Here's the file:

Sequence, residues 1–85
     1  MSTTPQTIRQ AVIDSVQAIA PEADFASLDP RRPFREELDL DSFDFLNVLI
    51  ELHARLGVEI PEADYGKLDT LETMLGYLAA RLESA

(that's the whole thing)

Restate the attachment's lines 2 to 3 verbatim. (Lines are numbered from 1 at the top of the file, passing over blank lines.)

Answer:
     1  MSTTPQTIRQ AVIDSVQAIA PEADFASLDP RRPFREELDL DSFDFLNVLI
    51  ELHARLGVEI PEADYGKLDT LETMLGYLAA RLESA